The Flames are coming off a desultory season where they converted high expectations into a 10th place finish in the Western Conference, scoring a league-low 204 goals in the process. Along the way they significantly turned over their roster, trading away Dion Phaneuf and Olli Jokinen among others before the trade deadline, receiving Matt Stajan, Niklas Hagman, Ian White and Ales Kotalik as the primary players coming back. Part and parcel with the roster turnover were contract extensions given to Rene Bourque and Matt Stajan, and the Flames also took on a decent-sized contract with Kotalik for the next two seasons.
The result of the roster churn is that the Flames are currently over the salary cap by about $3 million and need to find a way to pare down before the start of the season. This cap situation handcuffed their ability to address their offensive woes this offseason – all they were able to do was shop in the bargain bins, bringing back Jokinen (to the howls of derision of nearly every commentator on the first day of free agency this summer) and Alex Tanguay. They’ll open the season with Jokinen and Tanguay as Jarome Iginla’s linemates, but chances are they won’t end up with those plum spots. Unlike with the Blackhawks and Cristobal Huet, the Flames aren’t likely to find an angel investor from Europe to take on one of their bad contracts, so look for a pricy veteran like Cory Sarich or Steve Staios to shockingly not make the final roster, unless they can find a way to offload Kotalik on another sucker.
The really sad part about the Flames’ situation is that they have two of the elite players in the game in Iginla and Miikka Kiprusoff, and their respective talents are seemingly going to waste. If enough of their disappointments from last year (Jay Bouwmeester and Jokinen, to name two) bounce back, they should be a playoff team, but it’s hard to envision them keeping up with the elite teams in the Western Conference. Instead, their upside seems to be as a fifth or sixth seed, and a second year in a row of missing the playoffs is a distinct possibility.
THE BIG GUNS
Jarome Iginla (RW): Iginla is coming off of his worst season since 2005-06, and probably his most disappointing season altogether, given what was at stake for the Flames. He ended up with a team-high 69 points (32 G, 37 A), with 10 of his goals coming with the man advantage. How much of Iginla's decline is on him, and how much can be blamed on his teammates? The Flames were last in the NHL in goals scored with 204, and traded his most frequent center (Olli Jokinen) just before the trade deadline. Only one other teammate had more than 15 goals or more than 30 assists - Rene Bourque. Iginla shot at a reasonable if not great 12.5%, so it seems like most of his problems stemmed from not having much talent around him. Therein lies the rub - the team did very little in the offseason to raise the hope that he'd get more help. They're getting the band back together by signing both Jokinen and Alex Tanguay - the latter's signing might help more than the former's. Daymond Langkow's neck injury hasn't improved, and in fact was the inspiration for re-signing Jokinen as the "best available center" out on the free-agent market that the Flames could afford. Iginla went through some withering goal droughts last season, and chances are there could be more of the same in 2010-11.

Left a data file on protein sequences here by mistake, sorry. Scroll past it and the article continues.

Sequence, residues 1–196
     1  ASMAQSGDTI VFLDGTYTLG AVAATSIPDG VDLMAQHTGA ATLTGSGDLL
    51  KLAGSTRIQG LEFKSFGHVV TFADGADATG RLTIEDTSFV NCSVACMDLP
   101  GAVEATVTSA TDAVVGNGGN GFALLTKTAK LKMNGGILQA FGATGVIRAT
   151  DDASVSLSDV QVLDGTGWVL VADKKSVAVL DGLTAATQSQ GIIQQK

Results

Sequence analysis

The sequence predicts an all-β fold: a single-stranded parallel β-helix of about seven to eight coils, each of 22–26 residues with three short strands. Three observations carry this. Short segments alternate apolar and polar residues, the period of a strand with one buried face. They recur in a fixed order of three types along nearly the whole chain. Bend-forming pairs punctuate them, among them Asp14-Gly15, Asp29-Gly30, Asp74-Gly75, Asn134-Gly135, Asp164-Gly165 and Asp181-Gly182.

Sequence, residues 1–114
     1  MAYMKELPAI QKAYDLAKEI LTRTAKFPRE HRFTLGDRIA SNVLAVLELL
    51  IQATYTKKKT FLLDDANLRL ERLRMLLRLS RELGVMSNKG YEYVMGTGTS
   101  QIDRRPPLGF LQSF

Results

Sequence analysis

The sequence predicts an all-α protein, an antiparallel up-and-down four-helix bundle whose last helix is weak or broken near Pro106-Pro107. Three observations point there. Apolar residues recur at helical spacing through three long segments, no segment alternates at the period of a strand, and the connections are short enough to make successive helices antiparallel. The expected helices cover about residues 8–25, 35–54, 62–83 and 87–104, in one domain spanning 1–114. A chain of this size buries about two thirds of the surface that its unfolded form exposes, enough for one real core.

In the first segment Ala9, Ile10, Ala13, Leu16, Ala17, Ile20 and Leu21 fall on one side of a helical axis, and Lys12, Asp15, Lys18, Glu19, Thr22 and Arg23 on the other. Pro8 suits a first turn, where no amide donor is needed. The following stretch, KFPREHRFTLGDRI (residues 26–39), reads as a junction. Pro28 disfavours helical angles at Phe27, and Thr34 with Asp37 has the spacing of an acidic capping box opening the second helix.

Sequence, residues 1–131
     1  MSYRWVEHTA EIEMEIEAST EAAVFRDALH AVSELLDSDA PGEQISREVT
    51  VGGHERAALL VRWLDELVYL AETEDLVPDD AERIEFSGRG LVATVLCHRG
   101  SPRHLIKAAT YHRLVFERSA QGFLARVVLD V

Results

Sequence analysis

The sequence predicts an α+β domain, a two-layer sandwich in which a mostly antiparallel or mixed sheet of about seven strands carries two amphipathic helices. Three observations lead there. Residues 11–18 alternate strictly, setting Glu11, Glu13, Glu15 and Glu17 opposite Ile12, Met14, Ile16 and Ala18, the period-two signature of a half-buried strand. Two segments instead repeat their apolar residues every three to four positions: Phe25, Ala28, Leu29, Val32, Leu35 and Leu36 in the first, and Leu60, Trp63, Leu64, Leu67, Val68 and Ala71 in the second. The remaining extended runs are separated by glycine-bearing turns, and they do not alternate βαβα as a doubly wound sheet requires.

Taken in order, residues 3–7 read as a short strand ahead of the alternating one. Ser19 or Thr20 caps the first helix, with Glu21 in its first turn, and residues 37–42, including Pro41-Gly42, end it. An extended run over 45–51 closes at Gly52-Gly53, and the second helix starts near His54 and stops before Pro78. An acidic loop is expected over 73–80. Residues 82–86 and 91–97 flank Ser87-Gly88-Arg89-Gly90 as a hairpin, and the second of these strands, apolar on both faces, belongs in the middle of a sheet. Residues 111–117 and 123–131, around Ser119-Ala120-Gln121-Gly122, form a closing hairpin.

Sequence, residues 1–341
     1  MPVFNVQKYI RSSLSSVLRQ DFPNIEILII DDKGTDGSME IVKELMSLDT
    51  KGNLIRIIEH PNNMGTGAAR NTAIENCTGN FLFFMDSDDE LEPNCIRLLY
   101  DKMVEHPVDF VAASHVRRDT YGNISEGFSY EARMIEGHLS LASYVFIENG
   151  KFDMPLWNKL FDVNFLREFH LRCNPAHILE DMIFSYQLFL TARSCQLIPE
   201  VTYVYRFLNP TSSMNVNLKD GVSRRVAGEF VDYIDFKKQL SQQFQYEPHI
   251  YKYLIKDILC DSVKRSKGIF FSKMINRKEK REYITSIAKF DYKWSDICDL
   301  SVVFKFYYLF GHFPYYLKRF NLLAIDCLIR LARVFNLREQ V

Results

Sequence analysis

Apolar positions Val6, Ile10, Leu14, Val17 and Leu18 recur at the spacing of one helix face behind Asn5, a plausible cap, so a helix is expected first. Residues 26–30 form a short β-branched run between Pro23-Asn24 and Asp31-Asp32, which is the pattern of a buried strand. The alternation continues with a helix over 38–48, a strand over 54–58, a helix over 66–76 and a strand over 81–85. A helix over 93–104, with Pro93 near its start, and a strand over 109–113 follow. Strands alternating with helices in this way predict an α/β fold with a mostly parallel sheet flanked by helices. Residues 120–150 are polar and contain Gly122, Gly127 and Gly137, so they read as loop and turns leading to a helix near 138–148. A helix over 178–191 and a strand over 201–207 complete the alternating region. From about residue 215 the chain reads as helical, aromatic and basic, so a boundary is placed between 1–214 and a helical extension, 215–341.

Miikka Kiprusoff (G): Kiprusoff endured an incredibly frustrating season, earning just 35 wins despite posting a .920 save percentage and a 2.31 GAA, his best numbers in both categories since 2005-06. He remains a workhorse, either by hook (his own ability) or crook (the lack of a decent backup). The Flames traded for Henrik Karlsson from the Sharks in July, adding a talented but untested backup who will almost certainly stick with the team due to his contract situation. Look for more of the same from Kippy - 70-plus games, excellent percentages, and perhaps more frustration from a lack of scoring support from his skaters.
Rene Bourque (LW): Bourque has thrived with the full opportunities that Calgary has given him since acquiring him from the Blackhawks before the 2008-09 season, and he exploded for 58 points (including 27 goals) last season. The Flames demonstrated that they are committed to him by inking him to a six-year, $20 million extension before the trade deadline last season. The only negative is that Bourque isn't terribly effective on the power play, tallying just six power-play goals last year and none the season before that. Moreover, he won't spend much time on Jarome Iginla's line, assuming that Alex Tanguay skates with Iginla after the Flames re-signed him during the summer.
Jay Bouwmeester (D): Bouwmeester was among the biggest disappointments in all of hockey last season, posting just 29 points (and only three goals) in his first year with the Flames. As with other disappointing players on the Flames, the defense-first system has a lot to blame. Bouwmeester shot the puck on net only 130 times after averaging nearly 180 shots the last three seasons. Once it got on net, good things didn't follow, as Bouwmeester's shooting percentage was an unbelievably low 2.3%. Though he'll have to hold off the improving Mark Giordano to be the Flames' top point-man on the power play, Bouwmeester is probably as good of a turnaround candidate as anyone in the game, even if he doesn't achieve the 50-point upside many thought he once had.
ON THE RISE
Ian White (D): White is coming off of a career year in which he scored 38 points (13-25) from the blueline, with nine of those points coming on the power play. He averaged over two minutes per game on the power play, both with Toronto and with Calgary. He was the one player in the trade that sent Dion Phaneuf to Toronto that didn't drop off upon arriving in Calgary. The Flames made re-signing him a priority, and they inked him to a one-year, $3M deal moments before going to a potentially contentious arbitration hearing. He'll work on the first team power play with Jay Bouwmeester more often than not.